The monkey chased the weasel;

The monkey thought 'twas all in good sport

Pop! goes the weasel.

A penny for a spool of thread,

A penny for a needle-

That's the way the money goes,

Pop! goes the weasel.

We Thought it Meant...

Spontaneous combustion in the animal kingdom, along with an assertion that all monkeys are douchebags.

But Some Experts Say...

Pop goes the Weasel is a merry tune centered on an all too familiar children's theme: the cycle of poverty in society.

A good chunk of the poem is made up of plays on words that are themselves Cockney slang terms from the old days. So for instance, "Pop" is a slang term meaning to pawn something (that is, sell it at a pawn shop) while "weasel" translates to "coat". Does that help? No?

Well, the deal was that no matter how piss poor a London man was back in the day, he was expected to own a suit in order to dress nicely on Sunday. The trick to being able to do this was to pawn your suit ("Pop goes the weasel") on Monday and then purchase it back before Sunday.

One of the lesser-known, but more traditional verses states:

Up and down the City road,

In and out the Eagle,

That's the way the money goes,

Pop! goes the weasel.

The Eagle refers to The Eagle Tavern in northern London, reminding young ones about excessive poverty due to heavy drinking and depression--a lesson that every child should know by age 5.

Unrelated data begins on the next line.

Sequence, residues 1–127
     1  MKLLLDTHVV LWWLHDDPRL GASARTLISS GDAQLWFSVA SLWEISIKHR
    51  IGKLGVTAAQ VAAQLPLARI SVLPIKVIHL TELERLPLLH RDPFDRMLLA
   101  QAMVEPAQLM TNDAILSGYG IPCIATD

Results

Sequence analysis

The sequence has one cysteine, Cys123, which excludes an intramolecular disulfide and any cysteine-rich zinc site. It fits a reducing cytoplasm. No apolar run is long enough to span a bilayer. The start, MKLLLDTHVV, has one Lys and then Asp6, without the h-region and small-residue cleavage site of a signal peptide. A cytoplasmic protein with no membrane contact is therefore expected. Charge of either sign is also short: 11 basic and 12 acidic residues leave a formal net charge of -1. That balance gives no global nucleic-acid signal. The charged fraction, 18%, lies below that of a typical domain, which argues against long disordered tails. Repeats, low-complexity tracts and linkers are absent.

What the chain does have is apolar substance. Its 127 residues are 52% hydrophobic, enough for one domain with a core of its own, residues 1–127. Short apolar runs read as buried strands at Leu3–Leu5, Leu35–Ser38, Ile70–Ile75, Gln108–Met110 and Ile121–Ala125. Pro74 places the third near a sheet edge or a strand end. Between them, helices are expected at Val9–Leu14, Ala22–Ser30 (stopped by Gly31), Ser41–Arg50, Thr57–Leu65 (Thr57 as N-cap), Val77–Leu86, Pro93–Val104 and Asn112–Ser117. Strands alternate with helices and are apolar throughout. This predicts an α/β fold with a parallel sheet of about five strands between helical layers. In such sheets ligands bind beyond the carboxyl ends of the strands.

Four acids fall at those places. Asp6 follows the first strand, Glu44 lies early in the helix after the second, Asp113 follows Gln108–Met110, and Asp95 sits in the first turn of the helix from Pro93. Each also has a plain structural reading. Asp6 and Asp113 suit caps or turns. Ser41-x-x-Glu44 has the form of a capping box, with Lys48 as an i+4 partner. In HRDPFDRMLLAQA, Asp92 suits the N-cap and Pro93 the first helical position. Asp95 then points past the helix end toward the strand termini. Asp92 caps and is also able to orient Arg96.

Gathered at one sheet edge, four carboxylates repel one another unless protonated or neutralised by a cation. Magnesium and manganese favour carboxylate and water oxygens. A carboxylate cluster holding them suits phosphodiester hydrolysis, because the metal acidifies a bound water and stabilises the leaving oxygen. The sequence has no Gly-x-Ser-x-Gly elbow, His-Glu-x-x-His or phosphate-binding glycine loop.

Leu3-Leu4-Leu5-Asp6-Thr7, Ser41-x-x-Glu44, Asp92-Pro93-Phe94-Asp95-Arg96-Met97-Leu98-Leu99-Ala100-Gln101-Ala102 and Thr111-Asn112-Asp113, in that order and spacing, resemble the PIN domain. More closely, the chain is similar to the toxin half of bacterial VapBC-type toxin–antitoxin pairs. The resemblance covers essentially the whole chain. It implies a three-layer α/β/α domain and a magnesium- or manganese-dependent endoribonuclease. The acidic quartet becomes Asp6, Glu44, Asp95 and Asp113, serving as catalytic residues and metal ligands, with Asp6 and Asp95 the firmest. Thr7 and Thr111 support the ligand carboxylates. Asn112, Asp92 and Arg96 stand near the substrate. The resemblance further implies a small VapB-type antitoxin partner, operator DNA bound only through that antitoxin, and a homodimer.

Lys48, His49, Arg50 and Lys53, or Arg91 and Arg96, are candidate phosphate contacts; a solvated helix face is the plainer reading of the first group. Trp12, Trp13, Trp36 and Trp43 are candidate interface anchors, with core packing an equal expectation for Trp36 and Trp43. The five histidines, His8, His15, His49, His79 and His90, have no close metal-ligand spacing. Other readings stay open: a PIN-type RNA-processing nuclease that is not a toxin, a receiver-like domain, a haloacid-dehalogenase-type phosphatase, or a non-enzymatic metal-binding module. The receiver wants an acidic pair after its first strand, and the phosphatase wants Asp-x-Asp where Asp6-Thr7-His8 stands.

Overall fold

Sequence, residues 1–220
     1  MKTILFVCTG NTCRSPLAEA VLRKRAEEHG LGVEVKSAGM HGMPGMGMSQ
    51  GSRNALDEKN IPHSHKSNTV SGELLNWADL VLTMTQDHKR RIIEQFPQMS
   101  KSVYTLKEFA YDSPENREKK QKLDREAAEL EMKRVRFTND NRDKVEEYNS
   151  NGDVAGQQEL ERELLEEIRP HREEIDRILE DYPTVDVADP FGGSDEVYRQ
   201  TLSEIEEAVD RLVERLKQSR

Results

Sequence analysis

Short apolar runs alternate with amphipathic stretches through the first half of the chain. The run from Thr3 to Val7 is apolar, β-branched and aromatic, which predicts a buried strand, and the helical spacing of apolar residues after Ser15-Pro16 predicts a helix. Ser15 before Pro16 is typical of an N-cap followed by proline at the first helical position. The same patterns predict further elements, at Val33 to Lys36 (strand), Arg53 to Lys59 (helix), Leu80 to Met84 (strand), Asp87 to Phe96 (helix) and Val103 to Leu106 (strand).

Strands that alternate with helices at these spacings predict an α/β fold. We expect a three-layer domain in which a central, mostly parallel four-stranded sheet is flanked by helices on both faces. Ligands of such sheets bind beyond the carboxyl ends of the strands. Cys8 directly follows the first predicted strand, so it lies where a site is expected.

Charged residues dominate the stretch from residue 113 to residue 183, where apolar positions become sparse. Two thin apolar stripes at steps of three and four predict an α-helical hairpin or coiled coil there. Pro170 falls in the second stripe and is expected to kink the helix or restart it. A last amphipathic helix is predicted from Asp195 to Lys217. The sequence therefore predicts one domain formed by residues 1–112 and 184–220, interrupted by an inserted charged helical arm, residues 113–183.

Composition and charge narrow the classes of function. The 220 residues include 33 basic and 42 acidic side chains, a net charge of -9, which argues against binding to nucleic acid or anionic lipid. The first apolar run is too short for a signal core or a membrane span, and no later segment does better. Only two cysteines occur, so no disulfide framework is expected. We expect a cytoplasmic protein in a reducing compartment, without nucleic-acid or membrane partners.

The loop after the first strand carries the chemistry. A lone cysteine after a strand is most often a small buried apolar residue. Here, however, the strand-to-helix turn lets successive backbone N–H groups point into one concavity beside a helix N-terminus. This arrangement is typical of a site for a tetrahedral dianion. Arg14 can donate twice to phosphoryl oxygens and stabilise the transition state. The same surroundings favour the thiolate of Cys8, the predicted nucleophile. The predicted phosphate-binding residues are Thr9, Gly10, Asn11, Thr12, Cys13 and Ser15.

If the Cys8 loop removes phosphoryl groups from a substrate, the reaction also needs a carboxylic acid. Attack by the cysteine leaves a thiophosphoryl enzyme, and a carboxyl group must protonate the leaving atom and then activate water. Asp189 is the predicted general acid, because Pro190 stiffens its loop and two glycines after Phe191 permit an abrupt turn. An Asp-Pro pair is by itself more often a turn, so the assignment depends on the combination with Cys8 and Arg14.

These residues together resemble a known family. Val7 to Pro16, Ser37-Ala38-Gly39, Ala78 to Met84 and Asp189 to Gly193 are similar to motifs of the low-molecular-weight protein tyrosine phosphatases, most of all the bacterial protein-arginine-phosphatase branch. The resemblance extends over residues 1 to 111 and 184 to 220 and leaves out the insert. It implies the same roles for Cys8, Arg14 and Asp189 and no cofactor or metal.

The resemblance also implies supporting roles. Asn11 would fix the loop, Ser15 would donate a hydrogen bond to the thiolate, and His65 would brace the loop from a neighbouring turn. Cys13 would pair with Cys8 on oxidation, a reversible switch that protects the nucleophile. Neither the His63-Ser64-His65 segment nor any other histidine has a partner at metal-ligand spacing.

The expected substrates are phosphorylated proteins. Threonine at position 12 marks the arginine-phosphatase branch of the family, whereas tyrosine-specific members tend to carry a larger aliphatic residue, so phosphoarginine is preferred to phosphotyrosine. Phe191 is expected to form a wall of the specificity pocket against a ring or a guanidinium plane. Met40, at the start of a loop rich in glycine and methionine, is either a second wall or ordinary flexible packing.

Mary, Mary Quite Contrary

Mary Mary quite contrary,

How does your garden grow?

With silver bells and cockleshells

And pretty maids all in a row.

We Thought it Meant...

A cute old woman with an interest in horticulture. Oh, and it has the word "cockleshell." We like that.

A dick bouquet of cockleshells. Weiner.

But Some Experts Say...

Queen "Bloody" Mary was popular enough to frequent a number of nursery rhymes, which is pretty impressive all these centuries later. How many nursery rhymes do you appear in? Yeah, that's what we thought. You need to start doing something with your life.

Anyway, in this delightful tune, Mary is addressed first-hand about all of the poor saps she's sent to the graveyard (her garden). The silver bells refer to instruments of torture that crushed the thumb with the tightening of a screw, and cockleshells (heh) were torture devices that were attached to the genitals. Come on, don't act surprised. They're called cockleshells for God's sake.